The McKinsey report outlines 10 recommendations that India could adopt over the next 18 months to help realise up to three-quarters of the proposed emission reductions. These include a rapid expansion of energy-efficiency programs, massive scale-up of renewable energy implementation (complete with demonstration projects, enabling legislation and incentivising tariffs), accelerated establishment of nuclear and hydropower projects, measures to improve agricultural practices and reforestation initiatives, and the creation of a fund to promote national innovation and research into clean technology solutions.

Notably absent from the report's cost estimates is any modelling of adaptation costs – the costs associated with responding to the impacts of climate change that are already being experienced. McKinsey insiders, when questioned, acknowledged that there is little certainty about the potential scale of adaptation costs, noting that even prominent UK economist Nicholas Stern steered clear of such estimates in his seminal 2007 review of the economics of climate change. Yet these costs could be significant: one report recently estimated the real costs of adaptation worldwide to be 2-3 times greater than the US$40 billion to $170 billion (273 billion to 1.2 trillion yuan) figure calculated by the Secretariat of the United Nations Framework Convention on Climate Change (UNFCCC).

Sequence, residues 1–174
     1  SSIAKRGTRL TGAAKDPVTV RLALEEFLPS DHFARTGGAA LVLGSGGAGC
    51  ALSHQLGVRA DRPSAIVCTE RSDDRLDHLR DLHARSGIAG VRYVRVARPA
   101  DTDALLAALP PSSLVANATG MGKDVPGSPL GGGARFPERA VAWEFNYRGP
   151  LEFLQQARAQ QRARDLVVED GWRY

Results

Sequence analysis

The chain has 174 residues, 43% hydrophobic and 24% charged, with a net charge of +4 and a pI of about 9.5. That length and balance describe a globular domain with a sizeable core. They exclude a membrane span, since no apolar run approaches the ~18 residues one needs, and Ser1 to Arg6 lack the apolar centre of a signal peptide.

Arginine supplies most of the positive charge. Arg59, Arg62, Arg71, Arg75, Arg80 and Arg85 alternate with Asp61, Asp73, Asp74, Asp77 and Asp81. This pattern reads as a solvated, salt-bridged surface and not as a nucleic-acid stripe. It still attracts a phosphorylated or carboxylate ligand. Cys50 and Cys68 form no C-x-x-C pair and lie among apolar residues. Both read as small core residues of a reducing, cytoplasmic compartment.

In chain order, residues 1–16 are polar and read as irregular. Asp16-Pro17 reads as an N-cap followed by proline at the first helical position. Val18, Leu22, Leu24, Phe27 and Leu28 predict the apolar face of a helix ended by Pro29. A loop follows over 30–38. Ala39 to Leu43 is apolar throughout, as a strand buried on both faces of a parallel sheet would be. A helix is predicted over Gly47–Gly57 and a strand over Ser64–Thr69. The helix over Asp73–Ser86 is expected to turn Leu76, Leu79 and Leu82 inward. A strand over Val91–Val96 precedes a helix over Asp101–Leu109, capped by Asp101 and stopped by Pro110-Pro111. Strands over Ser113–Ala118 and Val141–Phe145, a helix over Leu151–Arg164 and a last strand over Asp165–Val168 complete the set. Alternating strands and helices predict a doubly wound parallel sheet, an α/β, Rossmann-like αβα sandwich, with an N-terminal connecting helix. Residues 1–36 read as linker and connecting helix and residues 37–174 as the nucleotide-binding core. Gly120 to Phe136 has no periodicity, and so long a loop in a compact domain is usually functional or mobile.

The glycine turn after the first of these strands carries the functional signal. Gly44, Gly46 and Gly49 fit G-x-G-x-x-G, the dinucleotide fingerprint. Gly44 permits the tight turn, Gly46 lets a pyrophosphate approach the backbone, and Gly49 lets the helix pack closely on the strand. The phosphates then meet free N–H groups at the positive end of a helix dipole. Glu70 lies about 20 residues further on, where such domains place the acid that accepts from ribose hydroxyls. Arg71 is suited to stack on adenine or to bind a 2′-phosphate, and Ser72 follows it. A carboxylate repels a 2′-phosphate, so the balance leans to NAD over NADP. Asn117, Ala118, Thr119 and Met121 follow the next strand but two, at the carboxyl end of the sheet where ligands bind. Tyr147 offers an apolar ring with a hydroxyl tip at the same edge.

Adaptation costs could have a significant impact on India's economic growth – expected to continue at an average annual rate of 7.5% – as well as its emissions growth. National adaptation costs are currently estimated at around 2.6% of India's GDP.

The McKinsey study is the latest installment in an expanding portfolio of so-called "cost curve analyses" that examine the most promising technology-based solutions for reducing carbon emissions economy-wide. The analyses map the potential impacts of these measures against their associated financial costs, whether positive or negative.

Anna da Costa is a Worldwatch Institute fellow based in New Delhi.

Translated and republished with permission from Worldwatch Institute, Eye on Earth, www.worldwatch.org

Homepage image from DWIA and GWEC, Keenpress Publishing/Sisse Brimberg & Cotton Coulson

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Default avatar
匿名 | Anonymous



Carbon Emissions

In my understanding, India is compared to China better in service industry, especially the software outsourcing service, while worse in manufacturing industry. As a result, India should not have massive carbon emissions, does anyone know the situation of India?

(translated by Fangfang CHEN)